On our first date he explained his theory of exclusive relationships, which was that they shouldn’t exist. We talked about our (and all of our friends’) divorced parents, about how marriage was nothing but a pragmatic financial venture, and about the last time we cheated on someone. He said that his disregard for monogamy wasn’t a chauvinistic throwback, but quite the opposite: the ultimate nod to feminism.
On our second date we watched coverage of the Iowa caucus, and later, after listening to jazz at his apartment, he crawled onto his bed, leaned against the headboard and said he didn’t burn artificial light after dark. I sighed and edged into bed next to him.
During the night he kicked and snored, grabbing greedily at me with his well-moisturized hands like a child snatching at free candy.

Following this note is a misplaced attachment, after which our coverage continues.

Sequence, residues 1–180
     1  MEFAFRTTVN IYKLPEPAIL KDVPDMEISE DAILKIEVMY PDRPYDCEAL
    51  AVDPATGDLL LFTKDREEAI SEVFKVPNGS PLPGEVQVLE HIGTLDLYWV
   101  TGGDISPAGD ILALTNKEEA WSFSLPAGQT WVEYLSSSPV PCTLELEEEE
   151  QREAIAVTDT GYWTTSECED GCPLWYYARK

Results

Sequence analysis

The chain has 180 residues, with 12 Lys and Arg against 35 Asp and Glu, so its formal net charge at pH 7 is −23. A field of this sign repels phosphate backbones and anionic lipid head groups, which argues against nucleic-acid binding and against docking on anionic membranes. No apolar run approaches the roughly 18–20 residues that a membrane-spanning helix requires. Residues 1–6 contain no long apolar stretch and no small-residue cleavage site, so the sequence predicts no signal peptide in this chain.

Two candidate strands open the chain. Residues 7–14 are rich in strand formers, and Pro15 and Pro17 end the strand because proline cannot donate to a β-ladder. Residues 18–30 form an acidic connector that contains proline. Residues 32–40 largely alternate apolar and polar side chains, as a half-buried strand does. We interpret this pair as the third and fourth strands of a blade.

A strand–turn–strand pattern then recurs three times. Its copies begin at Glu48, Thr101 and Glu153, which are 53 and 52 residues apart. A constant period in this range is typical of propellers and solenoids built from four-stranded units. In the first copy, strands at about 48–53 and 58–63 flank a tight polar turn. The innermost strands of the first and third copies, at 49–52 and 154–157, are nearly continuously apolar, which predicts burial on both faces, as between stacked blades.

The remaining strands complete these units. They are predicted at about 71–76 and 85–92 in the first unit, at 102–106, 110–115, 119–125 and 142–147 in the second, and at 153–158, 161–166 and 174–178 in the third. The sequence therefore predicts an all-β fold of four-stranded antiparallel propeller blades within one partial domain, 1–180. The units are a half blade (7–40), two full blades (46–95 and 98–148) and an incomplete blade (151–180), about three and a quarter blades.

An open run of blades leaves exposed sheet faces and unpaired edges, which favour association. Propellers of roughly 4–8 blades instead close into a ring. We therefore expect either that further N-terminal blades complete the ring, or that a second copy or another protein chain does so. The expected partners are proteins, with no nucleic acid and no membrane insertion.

We overslept. In the morning I watched him dress frantically, the way a drifter would (gray pants and shirt tucked in and tie and vest and brown wingtip shoes and gray sweater and red scarf and jacket: it was lovely). He looked up occasionally from his scrambling to give a big toothy smile. I made the bed and drank the orange juice he bought for me the night before. We left his apartment and tried to find a cab.
As we crossed Hudson Street, we waded through a passing stream of preschool children walking in pairs, holding hands. I watched their teachers — one at the front of the line, one in the middle, one at the back — while he hailed a taxi.
A week passed before I saw him again. I was about to go back to school in Vermont, and he was headed to Jamaica on vacation. When I entered the restaurant, he said: “The nice part about having a shoddy memory is I forget how pretty some people are. You look beautiful.”